Homesteading and Livestock

Self-reliance and sustainability in the 21st century.

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5/17/2016

Shiitake mushrooms are an easy to grow, delicious mushroom for beginners to learn to cultivate. Shitakes have a satisfying meaty texture when sautéed, broiled or baked, and they have a distinctive 'unami' flavor that makes them popular in Asia.

mushrooms

Our Appalachian homestead has given us lots of opportunities to experiment with homesteading skills like using a wood-fired earth oven, making vermicompost with worms, washing with soap nuts and building rabbit lawn mowers, so it seemed a natural next step for us to start experimenting with cultivating our own mushrooms. We learned a lot from this project that I am sharing with you in article. Think of it as a starting point in your own journey of learning the art of shiitake cultivation from spore to fruit.

Mushroom Logs

Mushroom spawn requires hardwood logs that are well shaded and protected from severe winds. Red Oak and White Oak is the preferred wood type for shiitake cultivation. Trees used for mushroom logs should be felled in mid to late winter to be inoculated in early spring. Let logs age for two weeks before inoculating them. Only use logs with intact bark because gaps in bark can allow other types of fungi to get in and contaminate your spores.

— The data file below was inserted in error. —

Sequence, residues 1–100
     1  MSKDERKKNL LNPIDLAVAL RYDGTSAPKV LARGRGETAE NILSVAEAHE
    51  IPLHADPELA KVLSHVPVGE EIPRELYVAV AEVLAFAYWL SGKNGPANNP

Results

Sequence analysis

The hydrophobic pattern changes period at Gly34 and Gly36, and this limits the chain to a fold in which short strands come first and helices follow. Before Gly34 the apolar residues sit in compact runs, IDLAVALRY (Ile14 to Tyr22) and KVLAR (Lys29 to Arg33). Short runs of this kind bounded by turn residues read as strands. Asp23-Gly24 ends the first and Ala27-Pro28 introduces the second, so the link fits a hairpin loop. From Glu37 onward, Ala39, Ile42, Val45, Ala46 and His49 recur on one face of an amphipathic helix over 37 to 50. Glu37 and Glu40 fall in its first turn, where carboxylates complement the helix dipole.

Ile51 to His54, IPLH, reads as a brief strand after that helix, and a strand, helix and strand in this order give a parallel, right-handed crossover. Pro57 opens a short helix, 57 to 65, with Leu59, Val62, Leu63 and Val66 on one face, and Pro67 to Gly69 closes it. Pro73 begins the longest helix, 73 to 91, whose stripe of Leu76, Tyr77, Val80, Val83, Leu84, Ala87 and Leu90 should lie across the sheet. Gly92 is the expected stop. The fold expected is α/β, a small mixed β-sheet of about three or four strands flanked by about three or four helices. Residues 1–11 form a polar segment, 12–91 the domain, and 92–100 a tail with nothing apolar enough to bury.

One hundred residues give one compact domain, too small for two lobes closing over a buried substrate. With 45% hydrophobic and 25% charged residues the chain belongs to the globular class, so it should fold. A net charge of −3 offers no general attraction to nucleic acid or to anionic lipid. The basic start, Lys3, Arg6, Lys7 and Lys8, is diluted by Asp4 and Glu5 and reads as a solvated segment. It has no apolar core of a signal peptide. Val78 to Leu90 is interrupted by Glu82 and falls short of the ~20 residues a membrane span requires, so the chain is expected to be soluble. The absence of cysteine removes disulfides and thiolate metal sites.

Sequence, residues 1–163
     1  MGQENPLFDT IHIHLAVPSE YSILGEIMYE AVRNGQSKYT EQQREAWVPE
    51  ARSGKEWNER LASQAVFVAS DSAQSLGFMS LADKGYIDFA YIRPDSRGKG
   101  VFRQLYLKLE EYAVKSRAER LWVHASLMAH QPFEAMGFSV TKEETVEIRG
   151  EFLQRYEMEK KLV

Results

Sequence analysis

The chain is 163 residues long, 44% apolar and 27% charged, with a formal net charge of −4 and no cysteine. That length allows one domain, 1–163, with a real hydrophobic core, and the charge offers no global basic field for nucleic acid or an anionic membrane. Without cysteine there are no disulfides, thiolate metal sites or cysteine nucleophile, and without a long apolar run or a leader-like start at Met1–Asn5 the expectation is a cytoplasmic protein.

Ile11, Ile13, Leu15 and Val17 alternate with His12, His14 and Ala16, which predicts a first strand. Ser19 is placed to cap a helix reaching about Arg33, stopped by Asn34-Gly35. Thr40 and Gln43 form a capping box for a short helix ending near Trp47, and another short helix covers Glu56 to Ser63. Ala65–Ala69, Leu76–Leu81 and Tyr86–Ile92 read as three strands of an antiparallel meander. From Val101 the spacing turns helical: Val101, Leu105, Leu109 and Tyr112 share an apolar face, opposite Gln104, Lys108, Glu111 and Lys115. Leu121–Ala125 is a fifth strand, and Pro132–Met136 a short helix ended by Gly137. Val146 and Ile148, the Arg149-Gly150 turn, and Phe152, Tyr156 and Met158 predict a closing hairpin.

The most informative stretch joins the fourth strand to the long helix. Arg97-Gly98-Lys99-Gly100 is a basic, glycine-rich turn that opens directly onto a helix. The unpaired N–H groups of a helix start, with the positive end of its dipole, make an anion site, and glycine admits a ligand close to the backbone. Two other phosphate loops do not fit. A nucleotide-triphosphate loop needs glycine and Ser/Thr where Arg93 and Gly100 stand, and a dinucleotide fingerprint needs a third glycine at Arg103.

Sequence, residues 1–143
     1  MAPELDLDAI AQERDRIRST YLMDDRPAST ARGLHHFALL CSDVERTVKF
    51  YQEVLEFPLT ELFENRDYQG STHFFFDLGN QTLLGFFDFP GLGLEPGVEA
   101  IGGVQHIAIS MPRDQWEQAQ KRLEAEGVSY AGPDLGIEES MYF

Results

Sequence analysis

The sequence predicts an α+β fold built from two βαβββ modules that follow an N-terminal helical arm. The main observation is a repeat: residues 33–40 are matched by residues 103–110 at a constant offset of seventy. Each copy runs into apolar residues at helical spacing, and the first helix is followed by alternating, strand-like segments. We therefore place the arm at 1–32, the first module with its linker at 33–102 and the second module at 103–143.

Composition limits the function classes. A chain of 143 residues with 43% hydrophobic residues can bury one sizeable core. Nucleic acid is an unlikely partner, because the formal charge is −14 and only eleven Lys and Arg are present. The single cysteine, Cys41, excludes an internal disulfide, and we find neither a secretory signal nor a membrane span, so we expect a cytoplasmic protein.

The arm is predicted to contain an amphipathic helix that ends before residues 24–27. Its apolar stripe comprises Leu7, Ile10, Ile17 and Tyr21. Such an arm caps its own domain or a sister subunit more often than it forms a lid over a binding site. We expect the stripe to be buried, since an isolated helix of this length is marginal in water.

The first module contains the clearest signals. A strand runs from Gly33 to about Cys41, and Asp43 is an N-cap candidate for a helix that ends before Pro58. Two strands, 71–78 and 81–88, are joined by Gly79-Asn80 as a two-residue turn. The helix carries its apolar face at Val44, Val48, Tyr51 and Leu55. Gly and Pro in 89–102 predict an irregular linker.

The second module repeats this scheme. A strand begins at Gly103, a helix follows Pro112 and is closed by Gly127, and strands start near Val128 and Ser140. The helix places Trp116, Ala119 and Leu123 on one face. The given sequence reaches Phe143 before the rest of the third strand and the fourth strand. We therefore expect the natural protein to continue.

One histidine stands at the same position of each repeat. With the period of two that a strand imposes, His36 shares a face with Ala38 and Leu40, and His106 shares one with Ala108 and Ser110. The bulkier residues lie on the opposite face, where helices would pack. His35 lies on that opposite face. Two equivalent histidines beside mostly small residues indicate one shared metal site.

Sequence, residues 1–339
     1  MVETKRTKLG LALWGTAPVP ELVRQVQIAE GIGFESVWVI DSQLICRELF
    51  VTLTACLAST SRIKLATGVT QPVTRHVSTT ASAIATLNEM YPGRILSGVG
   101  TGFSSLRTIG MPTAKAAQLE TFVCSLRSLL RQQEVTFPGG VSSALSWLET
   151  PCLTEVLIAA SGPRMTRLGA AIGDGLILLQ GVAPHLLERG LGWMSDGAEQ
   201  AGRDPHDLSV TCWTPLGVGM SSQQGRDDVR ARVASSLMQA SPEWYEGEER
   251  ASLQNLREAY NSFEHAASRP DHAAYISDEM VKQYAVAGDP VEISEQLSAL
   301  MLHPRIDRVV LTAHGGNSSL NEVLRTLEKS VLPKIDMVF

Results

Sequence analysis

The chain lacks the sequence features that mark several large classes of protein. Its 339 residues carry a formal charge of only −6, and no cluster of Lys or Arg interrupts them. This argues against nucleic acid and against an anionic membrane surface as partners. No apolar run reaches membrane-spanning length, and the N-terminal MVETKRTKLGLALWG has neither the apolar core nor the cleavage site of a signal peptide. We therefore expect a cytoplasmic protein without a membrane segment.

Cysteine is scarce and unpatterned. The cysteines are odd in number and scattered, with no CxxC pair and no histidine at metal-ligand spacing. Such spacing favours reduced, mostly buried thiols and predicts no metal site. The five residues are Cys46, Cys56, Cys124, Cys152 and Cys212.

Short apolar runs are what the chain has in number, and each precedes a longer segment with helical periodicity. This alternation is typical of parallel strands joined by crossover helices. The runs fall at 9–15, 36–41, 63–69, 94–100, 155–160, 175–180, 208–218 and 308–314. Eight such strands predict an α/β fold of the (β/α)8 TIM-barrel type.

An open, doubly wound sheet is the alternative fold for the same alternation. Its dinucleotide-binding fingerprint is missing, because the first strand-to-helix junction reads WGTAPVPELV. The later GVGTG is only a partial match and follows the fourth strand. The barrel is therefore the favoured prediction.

Prepare logs that are between 3-8 inches in diameter and in lengths between 3-4 feet. Too long logs become cumbersome to work with; too short ones dry out quickly. Properly managed small diameter logs can produce more mushrooms though the logs will decay quickly. That's not a problem though, because 'spent' logs can be ground up and used as compost.